U.S. charges six to start 9/11 military trials

They're the first to be tried in Guantánamo's war court for direct ties to plot.

Mohammed: The alleged 9/11 mastermind is one of six who could face the death penalty.
Heesoon Yim/AP
Brig. Gen. Thomas Hartmann gestures during a news conference at the Pentagon. Defense Department officials announced on Monday the filing of formal charges against alleged 9/11 mastermind Khalid Sheikh Mohammed and five other Al Qaeda suspects.

Pentagon efforts to seek the death penalty for six Guantánamo detainees suspected of involvement in the 9/11 terror attacks will pose a substantial test for a makeshift military-tribunal system, which has yet to produce a single verdict at trial.

Defense Department officials announced on Monday the filing of formal charges against alleged 9/11 mastermind Khalid Sheikh Mohammed and five other Al Qaeda suspects. They were charged with involvement in planning or helping to coordinate the attacks that killed nearly 3,000 individuals at New York's World Trade Center, the Pentagon, and aboard a hijacked airliner that crashed in Pennsylvania.

In announcing the charges, Air Force Brig. Gen. Thomas Hartmann said the defendants participated in a "long-term, highly sophisticated organized plan by Al Qaeda to attack the United States of America."

All six were charged with conspiracy to commit war crimes, including murder, attacking civilians and civilian property, terrorism, and providing material support to terrorists.

Under Defense Department procedures, the charges will now be forwarded to the convening authority for military commissions, Susan Crawford, a former military appeals court judge, who must determine if there is probable cause to support the charges and whether to approve the potential punishment of death.

Among the defendants is Mohammad al-Qahtani, said to have been Al Qaeda's chosen 20th hijacker. Mr. Qahtani was reportedly unable to enter the US to participate in the attacks after an alert official questioned him at Orlando International Airport.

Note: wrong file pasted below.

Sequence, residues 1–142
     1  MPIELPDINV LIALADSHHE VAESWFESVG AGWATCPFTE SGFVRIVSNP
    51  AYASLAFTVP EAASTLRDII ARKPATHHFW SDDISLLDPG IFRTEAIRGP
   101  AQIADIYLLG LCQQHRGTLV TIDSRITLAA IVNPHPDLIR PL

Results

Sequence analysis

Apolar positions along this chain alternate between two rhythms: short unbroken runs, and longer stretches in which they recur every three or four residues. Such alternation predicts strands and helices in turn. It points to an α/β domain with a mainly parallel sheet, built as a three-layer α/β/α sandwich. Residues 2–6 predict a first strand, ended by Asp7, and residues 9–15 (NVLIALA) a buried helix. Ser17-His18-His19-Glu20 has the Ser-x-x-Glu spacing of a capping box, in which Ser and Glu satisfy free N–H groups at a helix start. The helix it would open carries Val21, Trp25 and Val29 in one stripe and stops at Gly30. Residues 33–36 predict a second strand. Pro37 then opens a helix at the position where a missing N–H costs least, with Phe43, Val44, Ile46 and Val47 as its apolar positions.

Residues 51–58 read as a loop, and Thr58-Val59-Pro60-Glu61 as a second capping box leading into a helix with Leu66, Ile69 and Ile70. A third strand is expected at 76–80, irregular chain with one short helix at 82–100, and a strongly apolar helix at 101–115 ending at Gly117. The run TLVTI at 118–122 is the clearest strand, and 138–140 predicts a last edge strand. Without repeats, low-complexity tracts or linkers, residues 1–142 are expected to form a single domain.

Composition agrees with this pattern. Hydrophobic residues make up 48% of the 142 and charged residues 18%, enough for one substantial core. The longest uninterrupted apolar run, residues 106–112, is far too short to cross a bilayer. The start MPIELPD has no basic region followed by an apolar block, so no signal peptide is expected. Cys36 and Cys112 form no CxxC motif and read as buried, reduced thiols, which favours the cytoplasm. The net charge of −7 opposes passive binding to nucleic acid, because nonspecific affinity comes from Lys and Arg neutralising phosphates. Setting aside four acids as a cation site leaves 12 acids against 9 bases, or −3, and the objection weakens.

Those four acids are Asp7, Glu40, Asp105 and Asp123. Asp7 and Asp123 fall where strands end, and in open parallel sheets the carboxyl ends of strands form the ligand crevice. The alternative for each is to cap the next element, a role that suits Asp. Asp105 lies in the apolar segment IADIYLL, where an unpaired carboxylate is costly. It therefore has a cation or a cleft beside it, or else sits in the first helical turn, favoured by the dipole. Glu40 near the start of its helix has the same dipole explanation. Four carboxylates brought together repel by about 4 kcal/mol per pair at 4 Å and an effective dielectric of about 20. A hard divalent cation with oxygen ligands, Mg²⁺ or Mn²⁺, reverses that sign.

Also named in the charges was Ramzi bin al-Shibh, an alleged member of an Al Qaeda cell in Germany who was selected to participate in the 9/11 attacks but was unable to obtain a US visa to enter the country.

The three other defendants were identified as Ali Abd al-Aziz Ali, Mustafa Ahmed al-Hawsawi, and Walid Mohammed bin Attash.

The Bush administration established the special military commission system at the terror prison camp at Guantánamo Bay, Cuba, in an effort to bypass many of the rigorous legal protections mandated for criminal defendants on trial in American courts.

The tribunal system has been under siege by legal challenges. The Supreme Court invalidated portions of the process in June 2006. Congress has twice passed legislation to bolster a version of the tribunal system favored by the Bush administration.

Despite significant legal activity at the highest levels of the judiciary, no terror suspect has yet stood trial at Guantánamo. Last year, after five years as a prisoner at Guantánamo, Australian David Hicks agreed to plead guilty to providing material support to terrorists. He served a nine-month prison sentence in Australia and was released in late December.

The move to charge those alleged to have been involved in the 9/11 attacks marks a shift in tactics by military prosecutors. They had initially sought to place a number of lower level Al Qaeda suspects – drivers and foot soldiers – on trial in an effort to work any kinks out of the system and demonstrate to the world that swift but fair justice could be meted out at Guantánamo.